Staffordshire firefighters to be fitted with body worn cameras

Staffordshire firefighters to be fitted with body worn cameras

Staffordshire Fire and Rescue Service (SFRS) recently announced that it is the latest branch to take part in the body camera trial. The trial, which is a scaled-down version of a full trial, will include 12 cameras and cost the Service around £10,000 to implement. It is hoped that the use of cameras will enable the SFRS to provide an even better public service.

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Body cameras are already worn by several branches of the Fire and Rescue Service. These cameras have a wide range of applications, from helping the Service to review its own performance to offering investigators crucial data on fires started under suspicious circumstances. However, a body worn camera also comes with a reputation. When speaking to an officer, the camera is aimed at the member of public not the officer. Many people fear this has begun to erode public trust.

Full trial to be scheduled

While this is a limited trial, a full trial is also expected to be carried out by the branch later this year. This second pilot will cost around £23,000 and consist of around 40 cameras in all. However, it is not just the cost or the issue of public trust at stake here, the Fire Brigades Union (FBU) is also worried that the use of cameras will destabilise trust with the Service itself. With some officers wearing cameras and some not, the question arises as to who should. Likewise, members of the public may see camera-wearing officers as senior. Also, they may avoid contact with officers wearing cameras.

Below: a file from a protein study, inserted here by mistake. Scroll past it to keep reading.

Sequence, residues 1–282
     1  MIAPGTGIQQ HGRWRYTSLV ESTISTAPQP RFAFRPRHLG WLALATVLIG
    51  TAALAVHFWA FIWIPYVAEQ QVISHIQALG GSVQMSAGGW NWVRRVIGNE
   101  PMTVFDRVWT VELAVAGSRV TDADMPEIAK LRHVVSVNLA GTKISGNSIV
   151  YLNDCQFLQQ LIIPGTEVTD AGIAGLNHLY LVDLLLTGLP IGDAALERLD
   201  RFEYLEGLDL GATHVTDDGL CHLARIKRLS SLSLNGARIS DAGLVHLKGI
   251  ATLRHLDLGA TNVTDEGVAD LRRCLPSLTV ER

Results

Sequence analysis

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The cameras, which are the same type used by many companies from suppliers such as https://www.pinnacleresponse.com/ have helped to increase officer safety since they were rolled out in the Police Force. Likewise, better reporting and accountability has also been noted. Teachers in the UK have also reaped the benefits.

Safety first

Currently, the advantages of using cameras seem to far outweigh any concerns being raised but these concerns will continue to be considered. For many services, officer safety is the number one priority and achieving this in a way which doesn’t undermine public safety, is key. Long-term it is expected that all emergency services will use body cameras. With the capability to live-stream operations not far away, the advantages are tremendous.

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